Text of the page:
Ruth Etherington and her family checked into their Liverpool hotel the evening of Sept. 1, 1939, concluding a five-week holiday with relatives in Great Britain and preparing to depart the next day for Canada aboard Athenia. Germany’s invasion of Poland that same morning brought a sense of urgency to their voyage home as war between the British and Germans now seemed imminent. Ruth had no way of knowing she was about to become one of the first targets of that war and one of its first heroes (as featured in my forthcoming historical novel, Without Warning).
Born 35 years earlier to a Scottish mother and Welsh father, Elesa Ruth Ashton grew up in England’s West Midlands. At the University of Wales, she studied mathematics, chemistry, and botany on the way to earning a degree in education. A petite and energetic beauty, Ruth also enjoyed playing romantic and comedy roles in student theater productions. She graduated “magna cum laude” in 1925 and took a teaching job in northern Wales before meeting Harold Etherington, a brilliant mechanical engineer who was nearly four years her senior. They married in early 1928 and their son, Geoffrey, was born that December.
Ruth and the baby moved to Sverdlovsk, an industrial city in Soviet Russia’s Ural Mountains, where Hal worked as the superintendent of a steel plant run by an Anglo-American consortium. The impact of harsh winter conditions and limited food supplies on baby Geoffrey’s health were a concern for Ruth, but the family persevered for nearly two years until the Soviet government withdrew all foreign concessions and the Etheringtons were forced to leave the country.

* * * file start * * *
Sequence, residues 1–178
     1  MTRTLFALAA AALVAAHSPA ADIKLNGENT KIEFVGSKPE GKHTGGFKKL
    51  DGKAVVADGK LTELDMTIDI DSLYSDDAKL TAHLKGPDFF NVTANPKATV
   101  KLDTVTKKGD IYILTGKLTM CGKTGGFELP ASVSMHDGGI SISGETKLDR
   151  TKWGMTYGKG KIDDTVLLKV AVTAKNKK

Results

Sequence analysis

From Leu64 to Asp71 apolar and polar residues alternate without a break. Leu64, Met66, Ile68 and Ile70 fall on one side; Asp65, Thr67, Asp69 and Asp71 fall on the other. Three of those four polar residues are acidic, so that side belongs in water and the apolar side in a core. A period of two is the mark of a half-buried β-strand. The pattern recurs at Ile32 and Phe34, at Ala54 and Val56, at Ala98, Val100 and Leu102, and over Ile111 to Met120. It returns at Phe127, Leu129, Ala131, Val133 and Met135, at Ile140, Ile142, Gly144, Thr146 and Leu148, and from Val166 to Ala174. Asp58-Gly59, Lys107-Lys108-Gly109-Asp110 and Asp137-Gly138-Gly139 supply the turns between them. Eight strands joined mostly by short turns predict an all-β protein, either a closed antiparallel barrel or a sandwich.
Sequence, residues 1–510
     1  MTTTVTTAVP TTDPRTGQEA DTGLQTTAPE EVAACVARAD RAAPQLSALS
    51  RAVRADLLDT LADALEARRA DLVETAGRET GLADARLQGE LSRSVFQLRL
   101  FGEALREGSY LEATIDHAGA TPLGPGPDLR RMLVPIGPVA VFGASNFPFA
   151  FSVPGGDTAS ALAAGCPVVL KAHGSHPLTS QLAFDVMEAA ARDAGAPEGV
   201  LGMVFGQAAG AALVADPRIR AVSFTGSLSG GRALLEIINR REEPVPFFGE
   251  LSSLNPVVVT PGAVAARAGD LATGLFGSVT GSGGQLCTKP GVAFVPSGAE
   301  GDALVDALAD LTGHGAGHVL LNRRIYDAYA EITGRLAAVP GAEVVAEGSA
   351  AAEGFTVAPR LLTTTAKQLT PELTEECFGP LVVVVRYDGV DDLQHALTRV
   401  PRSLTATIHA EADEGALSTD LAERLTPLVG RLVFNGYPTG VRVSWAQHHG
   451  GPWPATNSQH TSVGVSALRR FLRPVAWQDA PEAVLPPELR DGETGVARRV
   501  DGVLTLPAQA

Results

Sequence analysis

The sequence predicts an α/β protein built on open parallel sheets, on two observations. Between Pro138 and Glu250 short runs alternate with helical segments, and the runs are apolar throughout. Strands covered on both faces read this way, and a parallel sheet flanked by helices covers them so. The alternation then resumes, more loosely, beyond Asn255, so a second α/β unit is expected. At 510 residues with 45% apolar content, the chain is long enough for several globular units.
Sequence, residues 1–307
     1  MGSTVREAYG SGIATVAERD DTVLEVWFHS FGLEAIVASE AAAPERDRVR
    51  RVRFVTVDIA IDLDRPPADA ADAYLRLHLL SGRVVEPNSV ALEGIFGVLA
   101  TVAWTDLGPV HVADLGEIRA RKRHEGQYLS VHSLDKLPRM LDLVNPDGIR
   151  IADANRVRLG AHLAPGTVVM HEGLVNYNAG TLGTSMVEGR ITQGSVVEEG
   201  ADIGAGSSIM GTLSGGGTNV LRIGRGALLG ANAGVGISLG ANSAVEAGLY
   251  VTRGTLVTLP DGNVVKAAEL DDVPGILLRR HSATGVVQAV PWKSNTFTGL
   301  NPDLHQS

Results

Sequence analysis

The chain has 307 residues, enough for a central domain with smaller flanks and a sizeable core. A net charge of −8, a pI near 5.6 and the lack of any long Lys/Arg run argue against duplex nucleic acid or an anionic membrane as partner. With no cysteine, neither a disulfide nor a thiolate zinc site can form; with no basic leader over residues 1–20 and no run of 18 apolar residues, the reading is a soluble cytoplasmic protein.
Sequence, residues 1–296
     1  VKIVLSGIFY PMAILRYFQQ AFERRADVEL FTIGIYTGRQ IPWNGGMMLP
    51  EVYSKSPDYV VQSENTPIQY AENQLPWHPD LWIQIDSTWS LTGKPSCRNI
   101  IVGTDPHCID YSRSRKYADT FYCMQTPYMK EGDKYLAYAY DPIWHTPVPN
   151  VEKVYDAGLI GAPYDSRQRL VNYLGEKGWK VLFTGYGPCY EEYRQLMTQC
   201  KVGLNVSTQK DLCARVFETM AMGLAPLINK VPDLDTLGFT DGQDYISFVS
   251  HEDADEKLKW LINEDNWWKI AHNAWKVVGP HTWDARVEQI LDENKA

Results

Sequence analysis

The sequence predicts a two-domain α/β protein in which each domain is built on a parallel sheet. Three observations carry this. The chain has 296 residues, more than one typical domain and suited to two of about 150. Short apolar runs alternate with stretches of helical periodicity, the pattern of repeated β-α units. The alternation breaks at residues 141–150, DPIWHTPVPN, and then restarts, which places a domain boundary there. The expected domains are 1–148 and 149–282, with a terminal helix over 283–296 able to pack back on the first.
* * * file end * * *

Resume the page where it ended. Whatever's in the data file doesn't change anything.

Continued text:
The family moved to the United States in 1930 and settled in Milwaukee, where Hal worked as an engineer, first for the A.O. Smith Co. and two years later for Allis-Chalmers Manufacturing Co. Ruth again set about making a home for her family, becoming involved in the community and helping young girls with physical disabilities. In May, 1939, Hal became a naturalized American citizen and in July the family returned to England to visit relatives.
On their return voyage to America, a German U-boat torpedoed the Athenia less than 10 hours after war had been declared with Germany. The family was separated during lifeboat evacuations, with Ruth and 10-year-old Geoffrey departing in one of the first boats launched. Eight hours later, as their lifeboat approached a rescue vessel in the dark of morning it capsized and Geoffrey disappeared. Cold and tired from lack of sleep, Ruth swam back and forth calling out for her son but received no reply. Finally, sailors in a rowboat from the rescue ship hauled her from ocean.
Though exhausted from her ordeal, Ruth refused to give up hope. Geoffrey had learned to swim the previous year, but he wasn’t wearing a lifejacket and she had no idea how long he would be able to tread water. Then she heard Geoffrey’s voice faintly in the distance calling for help. Ruth shouted to her son that she was coming and before anyone could stop her, she dove into the water. When she finally found Geoffrey he was clinging to an oar, tired, scared, and chilled to the bone. With the help of the sailors, she got her son into the rowboat.
On board the rescue ship, Geoffrey was taken to the engine room to warm up and Ruth was reunited with Hal, who had been in one of the last lifeboats to leave Athenia and one of the first to be picked up. The Etherington’s celebrity as Athenia survivors would last only a matter of weeks, but the family’s subsequent achievements would last for decades to come, as we will see in our next blog.